Geometrical Tolerancing is a system that allows tolerances to be applied to features rather than dimensions on engineering drawings and CAD models. It allows different aspects of form, orientation and location to be toleranced independently of each other. This allows tolerances to reflect the functions and relationships that the designer intends. Advantages include:-
- productivity can be improved without relaxing tolerance requirements
- tolerance zones can often be enlarged
- form requirements like roundness and flatness can be toleranced
- relationships like coaxiality can be toleranced
- complex surfaces can be toleranced far more effectively
- drawings are less ambiguous and can even be simplified
Geometrical tolerancing is no longer a special tool to be dusted off for awkward geometry and high precision requirements. It is a better way of applying tolerances to all features, and is central to the Geometrical Product Specification methodology.
The greater flexibility and precision of this system allows engineers and designers to document design intent more accurately and more completely. An understanding of this system is increasingly a contractual requirements, and manufacturing organisations cannot afford to remain in ignorance of it.
Five common misconceptions about Geometrical Tolerancing:
1. We’ve always managed fine without it.
You may have got away without using it, but sooner or later you won’t. It is not technically possible to fully define component geometry without it, unless an extraordinary number of plain language notes are used.
2. Geometrical tolerancing just makes drawings more complicated.
Drawings can look more complicated just because of a lack of familiarity with, and understanding of, the symbology.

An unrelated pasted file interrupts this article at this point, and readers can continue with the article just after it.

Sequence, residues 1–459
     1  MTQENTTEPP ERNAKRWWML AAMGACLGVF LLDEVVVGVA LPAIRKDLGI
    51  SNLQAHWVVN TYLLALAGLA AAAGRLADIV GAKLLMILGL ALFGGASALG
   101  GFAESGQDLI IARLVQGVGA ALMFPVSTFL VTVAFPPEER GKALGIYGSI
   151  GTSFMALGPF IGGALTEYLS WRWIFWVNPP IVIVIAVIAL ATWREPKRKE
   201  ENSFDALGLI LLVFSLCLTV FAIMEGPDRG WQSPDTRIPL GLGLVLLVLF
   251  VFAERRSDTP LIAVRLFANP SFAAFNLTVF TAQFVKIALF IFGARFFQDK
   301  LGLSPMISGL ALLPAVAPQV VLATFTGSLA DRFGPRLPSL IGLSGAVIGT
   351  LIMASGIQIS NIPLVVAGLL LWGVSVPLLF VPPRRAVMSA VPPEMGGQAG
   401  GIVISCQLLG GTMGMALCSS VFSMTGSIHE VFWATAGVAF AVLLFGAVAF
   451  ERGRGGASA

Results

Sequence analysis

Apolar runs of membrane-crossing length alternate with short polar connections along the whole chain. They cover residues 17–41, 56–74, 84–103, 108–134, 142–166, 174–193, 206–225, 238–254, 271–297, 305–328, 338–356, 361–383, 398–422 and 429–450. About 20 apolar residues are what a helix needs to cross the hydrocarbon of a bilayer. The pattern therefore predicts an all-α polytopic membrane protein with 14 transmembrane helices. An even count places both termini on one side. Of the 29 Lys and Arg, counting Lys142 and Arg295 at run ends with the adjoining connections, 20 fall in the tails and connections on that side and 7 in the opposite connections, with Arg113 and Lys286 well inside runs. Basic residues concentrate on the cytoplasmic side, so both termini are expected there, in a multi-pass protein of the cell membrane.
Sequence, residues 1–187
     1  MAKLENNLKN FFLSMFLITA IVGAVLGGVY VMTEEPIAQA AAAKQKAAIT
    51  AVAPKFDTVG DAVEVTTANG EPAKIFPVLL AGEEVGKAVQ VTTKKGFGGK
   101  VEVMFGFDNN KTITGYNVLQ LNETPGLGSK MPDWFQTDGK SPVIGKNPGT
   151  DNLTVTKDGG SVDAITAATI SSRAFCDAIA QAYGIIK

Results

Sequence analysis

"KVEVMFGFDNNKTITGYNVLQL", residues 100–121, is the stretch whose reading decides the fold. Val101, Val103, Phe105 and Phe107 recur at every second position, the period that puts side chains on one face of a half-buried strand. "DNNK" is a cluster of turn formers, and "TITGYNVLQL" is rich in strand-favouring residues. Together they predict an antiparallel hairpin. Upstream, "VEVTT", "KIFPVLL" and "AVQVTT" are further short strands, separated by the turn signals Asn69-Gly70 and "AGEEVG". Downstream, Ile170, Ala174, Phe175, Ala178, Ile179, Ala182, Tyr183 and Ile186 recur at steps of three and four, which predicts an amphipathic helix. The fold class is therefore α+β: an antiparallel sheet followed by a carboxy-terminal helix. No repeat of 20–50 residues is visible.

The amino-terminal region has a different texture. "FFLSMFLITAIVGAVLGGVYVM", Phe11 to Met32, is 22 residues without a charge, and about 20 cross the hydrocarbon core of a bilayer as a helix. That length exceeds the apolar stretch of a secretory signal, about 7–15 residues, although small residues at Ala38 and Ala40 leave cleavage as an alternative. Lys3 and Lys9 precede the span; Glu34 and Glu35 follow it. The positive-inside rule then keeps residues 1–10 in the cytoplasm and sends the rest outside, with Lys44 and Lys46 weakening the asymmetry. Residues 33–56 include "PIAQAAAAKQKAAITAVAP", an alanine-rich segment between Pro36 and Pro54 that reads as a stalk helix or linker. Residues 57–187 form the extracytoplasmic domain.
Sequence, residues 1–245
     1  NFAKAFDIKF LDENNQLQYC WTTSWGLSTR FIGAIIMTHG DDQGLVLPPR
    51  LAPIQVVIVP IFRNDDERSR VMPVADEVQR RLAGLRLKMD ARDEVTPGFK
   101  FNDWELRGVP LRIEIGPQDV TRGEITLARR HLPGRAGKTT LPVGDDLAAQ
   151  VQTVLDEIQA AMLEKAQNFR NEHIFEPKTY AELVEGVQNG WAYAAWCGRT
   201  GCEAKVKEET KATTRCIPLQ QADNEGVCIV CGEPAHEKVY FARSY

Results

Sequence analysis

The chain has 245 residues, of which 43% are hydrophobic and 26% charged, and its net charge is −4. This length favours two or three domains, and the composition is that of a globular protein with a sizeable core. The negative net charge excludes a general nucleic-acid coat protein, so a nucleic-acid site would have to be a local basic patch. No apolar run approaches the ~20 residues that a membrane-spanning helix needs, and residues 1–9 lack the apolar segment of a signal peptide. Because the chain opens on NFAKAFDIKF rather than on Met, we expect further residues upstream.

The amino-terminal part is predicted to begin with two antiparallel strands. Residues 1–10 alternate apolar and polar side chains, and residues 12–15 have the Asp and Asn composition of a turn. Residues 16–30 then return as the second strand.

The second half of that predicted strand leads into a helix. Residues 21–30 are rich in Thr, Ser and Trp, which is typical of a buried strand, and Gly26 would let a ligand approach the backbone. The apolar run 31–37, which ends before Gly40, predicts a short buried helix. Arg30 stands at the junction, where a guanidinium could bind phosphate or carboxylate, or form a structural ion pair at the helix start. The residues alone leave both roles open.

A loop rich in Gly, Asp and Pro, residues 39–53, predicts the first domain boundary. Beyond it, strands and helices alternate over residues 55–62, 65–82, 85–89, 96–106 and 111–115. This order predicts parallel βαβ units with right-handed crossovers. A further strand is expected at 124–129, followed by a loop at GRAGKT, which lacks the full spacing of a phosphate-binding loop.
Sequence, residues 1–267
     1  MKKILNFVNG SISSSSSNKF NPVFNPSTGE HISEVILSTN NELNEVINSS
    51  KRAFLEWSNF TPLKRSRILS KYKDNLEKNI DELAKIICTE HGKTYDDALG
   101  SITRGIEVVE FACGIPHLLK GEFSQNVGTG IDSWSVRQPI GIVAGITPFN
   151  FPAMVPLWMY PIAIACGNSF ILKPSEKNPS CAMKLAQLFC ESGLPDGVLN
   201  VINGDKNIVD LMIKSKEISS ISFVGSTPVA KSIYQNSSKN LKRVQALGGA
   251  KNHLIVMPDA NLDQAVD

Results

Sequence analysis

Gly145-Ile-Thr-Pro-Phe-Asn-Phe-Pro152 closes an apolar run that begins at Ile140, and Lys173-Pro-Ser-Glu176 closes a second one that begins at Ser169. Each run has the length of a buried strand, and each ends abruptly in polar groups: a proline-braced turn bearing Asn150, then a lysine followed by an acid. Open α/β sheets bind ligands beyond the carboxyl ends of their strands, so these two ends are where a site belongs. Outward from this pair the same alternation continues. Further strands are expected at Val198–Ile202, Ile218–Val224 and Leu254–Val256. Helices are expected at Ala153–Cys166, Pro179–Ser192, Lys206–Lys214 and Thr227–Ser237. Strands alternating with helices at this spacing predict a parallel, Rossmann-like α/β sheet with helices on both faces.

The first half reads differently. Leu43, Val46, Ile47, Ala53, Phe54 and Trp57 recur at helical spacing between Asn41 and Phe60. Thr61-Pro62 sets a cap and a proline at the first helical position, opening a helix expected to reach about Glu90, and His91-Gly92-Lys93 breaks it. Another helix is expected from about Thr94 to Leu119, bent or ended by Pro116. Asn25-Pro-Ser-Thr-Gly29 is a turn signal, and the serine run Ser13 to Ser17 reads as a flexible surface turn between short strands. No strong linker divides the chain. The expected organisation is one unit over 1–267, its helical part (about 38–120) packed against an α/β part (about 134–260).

Drawings can also look more complicated because, properly used, geometrical tolerancing will be controlling aspects of work-piece geometry which were previously not controlled at all. Drawings contain more annotation simply because they are more complete specifications.
Geometrical tolerancing can actually make drawings simpler.
3. Geometrical tolerances are more difficult to inspect.
Geometrical tolerancing, properly used, makes inspection easier.
It also removes ambiguity from the specification, so it becomes possible to give a more definite pass/fail result for a component.
4. Use of geometrical tolerancing makes parts more expensive.
No it doesn’t. Suppliers who don’t understand geometrical tolerancing sometimes use it as an excuse to increase prices, but there is no justification for this.
Properly used, geometrical tolerancing enlarges tolerance zones and improves productivity. Its use should lead to a reduction in cost.
5. Our suppliers don’t understand it, so there is no point in using it.
It is a fact that many suppliers do not understand geometrical tolerancing properly, just as in many cases their customers do not.
However, a properly defined workpiece is essential for practical and legal reasons. No effective design analysis is possible if the component geometry is not correctly defined, and the risk of component and product failure is greatly increased. No engineer would dream of replacing a material specification with a generic term like ‘metal’ or ‘plastic’ because a supplier didn’t understand the technical definition of a particular grade of alloy or polymer. In the same way, no engineer should be willing to reduce the definition of a workpiece geometry to an oversimplified and highly ambiguous set of requirements just to make it easier for a supplier to understand.
Avoiding the use of geometrical tolerancing, and missing out on all its potential benefits, is not a long term solution for anyone.
Increasingly, companies are requiring their suppliers to demonstrate a degree of competence in the interpretation of mechanical specifications. Suppliers are being assessed not just on their manufacture and quality control capabilities, but also on their ability to interpret geometrical tolerancing (training in geometrical tolerancing is now compulsory for all Jaguar Land Rover suppliers). In this way, the level of competence is slowly improving across the board, to the benefit of everyone.